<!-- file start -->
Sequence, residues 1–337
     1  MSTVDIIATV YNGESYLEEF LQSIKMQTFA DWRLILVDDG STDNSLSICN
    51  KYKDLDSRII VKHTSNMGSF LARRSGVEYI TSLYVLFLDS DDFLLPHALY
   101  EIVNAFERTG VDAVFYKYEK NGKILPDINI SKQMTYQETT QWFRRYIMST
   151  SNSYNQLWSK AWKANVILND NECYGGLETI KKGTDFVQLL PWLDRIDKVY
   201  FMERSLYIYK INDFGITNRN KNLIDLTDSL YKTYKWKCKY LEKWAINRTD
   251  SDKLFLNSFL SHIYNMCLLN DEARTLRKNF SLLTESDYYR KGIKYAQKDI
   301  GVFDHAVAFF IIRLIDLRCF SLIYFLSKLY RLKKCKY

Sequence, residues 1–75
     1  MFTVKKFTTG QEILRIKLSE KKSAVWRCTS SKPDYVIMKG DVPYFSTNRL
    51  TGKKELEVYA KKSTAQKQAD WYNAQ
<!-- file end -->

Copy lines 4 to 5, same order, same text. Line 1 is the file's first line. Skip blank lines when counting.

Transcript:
   101  EIVNAFERTG VDAVFYKYEK NGKILPDINI SKQMTYQETT QWFRRYIMST
   151  SNSYNQLWSK AWKANVILND NECYGGLETI KKGTDFVQLL PWLDRIDKVY